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Share Incentive Plan (SIP) Guide

Share Incentive Plan

What is a Share Incentive Plan (SIP)?

A share incentive plan is one of the two UK employee share schemes introduced in 2000, aimed at providing employers with an easy and flexible way to offer shares in the company to their employees.

This scheme has gained traction among UK companies with the number of companies offering SIP schemes to employees increasing. In this post, we’ll cover:

How does a share incentive plan work?

A share incentive plan (SIP) works by awarding eligible employees free shares and/or allowing them to purchase shares in their company. The shares are kept in a trust until the employee either leaves the job or decides to take the shares from the plan.

Employees can be offered one or a combination of the following four share awards:

  1. Free shares: You can annually give each employee free shares worth up to £3,600 (as of 2023/24). All of your employees should either receive the same number of shares or they could be allocated depending on remuneration, length of service or hours worked. 
  2. Partnership shares: You can invite employees to buy partnership shares via deductions from salary pre-tax and NIC. They can use up to £1,800* or 10% of their salary each year – whichever is less to buy shares.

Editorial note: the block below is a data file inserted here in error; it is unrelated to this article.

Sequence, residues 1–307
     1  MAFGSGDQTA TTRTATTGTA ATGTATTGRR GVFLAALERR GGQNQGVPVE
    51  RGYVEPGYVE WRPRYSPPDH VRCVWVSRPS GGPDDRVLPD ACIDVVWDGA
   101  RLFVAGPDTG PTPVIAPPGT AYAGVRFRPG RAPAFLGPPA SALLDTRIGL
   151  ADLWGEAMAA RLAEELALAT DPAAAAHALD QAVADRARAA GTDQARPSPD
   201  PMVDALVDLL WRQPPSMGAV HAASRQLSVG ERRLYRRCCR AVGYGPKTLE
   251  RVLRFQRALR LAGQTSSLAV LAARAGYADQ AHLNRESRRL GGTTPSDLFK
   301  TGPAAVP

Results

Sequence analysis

3. Matching shares: Where employees acquire partnership shares, you can give them up to 2 matching shares for each partnership share they buy.
  4. Dividend shares: Your employees as a shareholder may be paid dividends on their free/partnership/matching shares. If so, you could allow them to use those dividends to buy more shares. These are dividend shares.

SIP tax rules

Although these four SIP share types have different definitions, their tax consequences are similar. See the breakdowns below:

A. Free Shares:

  1. Acquire shares:
    When an employee acquires the shares, no income tax or NICs is chargeable on the value of the free shares.
  2. Take shares during the first 3 years:
    Pay income tax on the market value of the free shares at the time of withdrawal.
  3. Take shares between 3 and 5 years from the date of acquisition:
    Pay income tax on the lesser of:
    – The market value of the shares at the time of acquisition, and
    – The market value of the shares at the time of withdrawal.
  4. Take shares after 5 years from the date of acquisition:
    No income tax or NICs is chargeable.

B. Partnership Shares:

  1. Acquire shares:
    No income tax or NICs is chargeable on the money spent to buy the partnership shares.
  2. Take shares during the first 3 years:
    Pay income tax and NIC on the market value of the partnership shares at the time of withdrawal.
  3. Take shares between 3 and 5 years from the date of acquisition:
    Pay income tax on the lesser of:
    – The salary used to buy the partnership shares, and
    – The market value at the time of withdrawal
  4. Take shares after 5 years from the date of acquisition:
    No income tax or NICs is chargeable.

C. Matching Shares:

The tax situations of matching shares are the same as the free shares.